Most people don’t have a clue what budding or grafting is or if they don’t know why we do it! I can sure understand this since most of the reproduction in the world on the human side is not asexual it is sexual. Wow! How did we go from budding and grafting to SEX? Well in budding and grafting we bypass the typical crossing of a male and a female to produce offspring by either budding or grafting a portion of the plant we want onto the same type of plant. For instance, in pecan trees the nut that is produced can be planted by a squirrel and grow up into a big beautiful pecan tree but the nuts on that tree may not resemble the planted nut at all. This is because the nut was produced by sexual means. The male pollen was produced on another tree and it floated on the wind and fell on the pecan tree flower of another tree. Once on the flower parts, the male and female parts mate and the resulting nut now has the genetics of the male tree crossed with the female tree. As any parent knows our children may or may not be like us! In nature this natural crossing produces what we know as native pecans.
Now in budding and grafting we bypass this uncertainty by taking a bud or a piece of graftwood with buds from a tree we like and transfer these buds onto a tree or rootstock that produces poor quality nuts. This is an asexual method which reproduces exactly the nuts we want. This is also used on all our fruit trees as well as our nut trees. Basically we can use either buds or grafts depending on the tree type, personal preference or tree size. Most nurseries growing small trees use single buds called budding and in orchards we use grafting which is putting a small limb with several buds onto a tree.
Having said all this there are still many people who grow pecans but very few that have ever grafted one! If you are in this category then you won’t want to miss the Pecan Grafting Workshop set for Tuesday, April 21 at the Extension Meeting Room. The real work will start at 7:00 p.m. and will go on till you have perfected your grafting technique. Local pecan growers with years and years of experience will be your teachers and in this hands on workshop you can learn to graft both the inlay bark graft and the four flap graft. Plus if you would like to learn other techniques as well there will be Extension bulletins and experts to discuss how they are done. Also it is our hope to have some pecan graftwood available but supplies are limited in this drought year. If you would like to attend the grafting workshop then call the Extension office at 512/943-3300 to reserve a spot.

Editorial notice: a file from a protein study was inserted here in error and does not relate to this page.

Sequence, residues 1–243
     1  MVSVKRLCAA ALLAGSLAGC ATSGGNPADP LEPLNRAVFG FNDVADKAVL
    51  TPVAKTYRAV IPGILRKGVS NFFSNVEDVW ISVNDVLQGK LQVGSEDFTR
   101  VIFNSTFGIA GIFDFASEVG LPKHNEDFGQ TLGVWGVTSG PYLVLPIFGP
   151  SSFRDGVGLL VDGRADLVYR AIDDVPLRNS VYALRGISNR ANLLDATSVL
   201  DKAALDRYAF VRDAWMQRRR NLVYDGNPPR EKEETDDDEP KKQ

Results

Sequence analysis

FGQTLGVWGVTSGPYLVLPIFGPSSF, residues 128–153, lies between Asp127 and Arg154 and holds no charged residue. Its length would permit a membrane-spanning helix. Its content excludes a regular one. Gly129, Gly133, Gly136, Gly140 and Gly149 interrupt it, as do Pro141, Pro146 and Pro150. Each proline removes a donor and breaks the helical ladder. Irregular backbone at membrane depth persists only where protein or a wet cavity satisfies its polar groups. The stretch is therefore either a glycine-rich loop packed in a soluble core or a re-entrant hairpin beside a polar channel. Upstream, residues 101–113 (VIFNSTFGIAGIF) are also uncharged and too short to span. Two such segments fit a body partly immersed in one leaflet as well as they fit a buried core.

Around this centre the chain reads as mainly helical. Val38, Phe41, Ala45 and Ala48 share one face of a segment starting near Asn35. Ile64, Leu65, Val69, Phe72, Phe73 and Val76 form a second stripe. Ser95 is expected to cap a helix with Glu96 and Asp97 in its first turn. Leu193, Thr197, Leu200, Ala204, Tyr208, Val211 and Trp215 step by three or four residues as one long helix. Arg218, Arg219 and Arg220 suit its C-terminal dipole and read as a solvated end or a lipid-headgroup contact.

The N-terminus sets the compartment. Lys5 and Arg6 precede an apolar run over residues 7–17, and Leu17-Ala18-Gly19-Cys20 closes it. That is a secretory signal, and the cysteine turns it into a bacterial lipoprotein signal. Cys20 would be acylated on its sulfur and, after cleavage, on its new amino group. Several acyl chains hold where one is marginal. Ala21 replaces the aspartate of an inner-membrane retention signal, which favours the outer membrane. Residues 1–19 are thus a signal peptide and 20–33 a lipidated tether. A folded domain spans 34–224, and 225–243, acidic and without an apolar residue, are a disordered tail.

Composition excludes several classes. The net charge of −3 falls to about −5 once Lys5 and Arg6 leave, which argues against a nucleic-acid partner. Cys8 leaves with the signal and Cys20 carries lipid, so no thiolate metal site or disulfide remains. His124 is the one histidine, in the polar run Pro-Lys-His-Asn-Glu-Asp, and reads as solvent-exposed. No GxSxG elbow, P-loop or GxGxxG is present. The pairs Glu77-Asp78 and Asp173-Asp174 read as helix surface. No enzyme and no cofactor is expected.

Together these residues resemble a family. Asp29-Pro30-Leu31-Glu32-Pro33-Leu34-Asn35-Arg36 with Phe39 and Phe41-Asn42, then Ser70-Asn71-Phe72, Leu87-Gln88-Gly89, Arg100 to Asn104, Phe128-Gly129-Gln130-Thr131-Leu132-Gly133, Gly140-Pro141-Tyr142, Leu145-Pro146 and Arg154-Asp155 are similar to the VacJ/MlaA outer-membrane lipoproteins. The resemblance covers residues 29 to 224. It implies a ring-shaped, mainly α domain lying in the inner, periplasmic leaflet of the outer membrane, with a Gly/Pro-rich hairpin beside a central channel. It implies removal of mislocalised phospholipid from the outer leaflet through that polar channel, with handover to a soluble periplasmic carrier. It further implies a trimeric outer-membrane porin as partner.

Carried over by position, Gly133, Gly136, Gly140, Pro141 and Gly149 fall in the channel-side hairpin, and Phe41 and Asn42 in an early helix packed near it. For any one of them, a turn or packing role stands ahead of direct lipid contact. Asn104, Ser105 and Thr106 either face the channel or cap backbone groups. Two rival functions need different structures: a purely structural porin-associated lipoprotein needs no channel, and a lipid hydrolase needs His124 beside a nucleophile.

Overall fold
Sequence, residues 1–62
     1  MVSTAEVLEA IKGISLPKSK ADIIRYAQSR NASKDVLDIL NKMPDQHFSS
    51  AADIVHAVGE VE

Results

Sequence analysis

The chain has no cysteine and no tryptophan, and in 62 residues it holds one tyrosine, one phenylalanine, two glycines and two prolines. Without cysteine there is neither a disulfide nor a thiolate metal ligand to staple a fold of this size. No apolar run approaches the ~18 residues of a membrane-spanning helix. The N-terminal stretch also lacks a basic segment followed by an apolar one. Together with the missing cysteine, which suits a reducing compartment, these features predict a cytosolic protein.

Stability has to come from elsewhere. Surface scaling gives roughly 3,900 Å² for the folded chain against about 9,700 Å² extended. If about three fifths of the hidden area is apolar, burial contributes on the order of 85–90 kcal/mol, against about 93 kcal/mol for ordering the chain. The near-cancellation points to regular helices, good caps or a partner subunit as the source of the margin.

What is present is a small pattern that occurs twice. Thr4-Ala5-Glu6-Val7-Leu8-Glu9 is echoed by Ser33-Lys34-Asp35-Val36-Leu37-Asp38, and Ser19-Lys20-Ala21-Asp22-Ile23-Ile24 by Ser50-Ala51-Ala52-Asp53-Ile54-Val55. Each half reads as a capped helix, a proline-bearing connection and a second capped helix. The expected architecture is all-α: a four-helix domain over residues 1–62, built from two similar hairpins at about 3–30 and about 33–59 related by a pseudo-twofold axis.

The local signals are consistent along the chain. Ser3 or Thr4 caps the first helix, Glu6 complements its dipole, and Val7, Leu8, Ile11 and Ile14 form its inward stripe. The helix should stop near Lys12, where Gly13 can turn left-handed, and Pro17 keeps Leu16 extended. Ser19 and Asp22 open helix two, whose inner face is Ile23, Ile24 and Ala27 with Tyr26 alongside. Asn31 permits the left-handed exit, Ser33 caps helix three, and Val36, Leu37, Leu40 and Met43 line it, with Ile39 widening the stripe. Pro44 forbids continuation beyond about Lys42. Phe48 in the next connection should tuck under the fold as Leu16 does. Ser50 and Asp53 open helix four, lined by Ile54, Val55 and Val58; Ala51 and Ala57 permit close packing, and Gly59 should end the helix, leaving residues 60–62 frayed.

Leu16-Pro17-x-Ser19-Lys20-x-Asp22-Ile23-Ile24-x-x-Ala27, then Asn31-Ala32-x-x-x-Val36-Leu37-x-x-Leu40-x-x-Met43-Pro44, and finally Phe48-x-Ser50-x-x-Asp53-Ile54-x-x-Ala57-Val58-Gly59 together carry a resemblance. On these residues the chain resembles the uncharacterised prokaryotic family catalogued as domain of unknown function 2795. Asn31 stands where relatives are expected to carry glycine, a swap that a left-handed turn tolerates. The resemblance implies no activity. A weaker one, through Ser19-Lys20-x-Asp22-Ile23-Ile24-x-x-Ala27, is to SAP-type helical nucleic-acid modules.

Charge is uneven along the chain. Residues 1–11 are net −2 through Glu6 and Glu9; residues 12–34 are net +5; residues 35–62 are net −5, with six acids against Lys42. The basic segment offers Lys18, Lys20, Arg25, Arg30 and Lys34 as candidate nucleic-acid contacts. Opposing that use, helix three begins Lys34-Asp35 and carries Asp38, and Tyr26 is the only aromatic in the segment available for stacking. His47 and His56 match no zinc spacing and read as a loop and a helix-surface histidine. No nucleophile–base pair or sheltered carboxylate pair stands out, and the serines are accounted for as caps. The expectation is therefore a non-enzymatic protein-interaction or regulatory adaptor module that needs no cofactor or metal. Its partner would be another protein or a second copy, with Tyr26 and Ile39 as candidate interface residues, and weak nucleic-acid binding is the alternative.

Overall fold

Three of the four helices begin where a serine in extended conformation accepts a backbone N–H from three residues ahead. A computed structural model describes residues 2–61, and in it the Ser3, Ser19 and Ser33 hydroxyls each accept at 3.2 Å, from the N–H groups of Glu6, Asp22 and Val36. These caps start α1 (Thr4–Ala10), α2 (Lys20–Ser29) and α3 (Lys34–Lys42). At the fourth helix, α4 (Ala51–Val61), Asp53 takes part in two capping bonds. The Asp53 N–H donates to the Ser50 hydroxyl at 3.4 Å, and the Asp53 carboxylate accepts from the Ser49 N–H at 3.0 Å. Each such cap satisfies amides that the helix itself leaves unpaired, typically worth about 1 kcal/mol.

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- Bob Whitney
- As an Agriculture Extension Agent for Texas AgriLife Extension Service I have had an opportunity to be involved in just about every aspect of agriculture. From the 5,000 cow dairy to the types of trees to use in a home landscape I have had a chance to learn how the different parts of an agriculture systems work together. Seedless watermelons, drip irrigation, pecan orchard management, fruit crop development, dairy nutrient management, environmental issues confronting agriculture, producer tours, field days, research projects and more have been a part of my life for over 30 years as I lived and breathed agriculture. Since 2004 I have been actively involved in consulting internationally working in Honduras, Guatemala, Egypt, Jordan, Iraq, India, and China. I have worked with missionaries and other groups dedicated to alleviating poverty among third world farmers. I lived in the Middle East in 2007-2008 working on a project for the Borlaug Institute of International Agriculture at Texas A&M University. In this project I was the Chief of Party and Team Leader for a $5.7 Million dollar effort to train Iraqi Extension agents and specialists in all aspects of agriculture.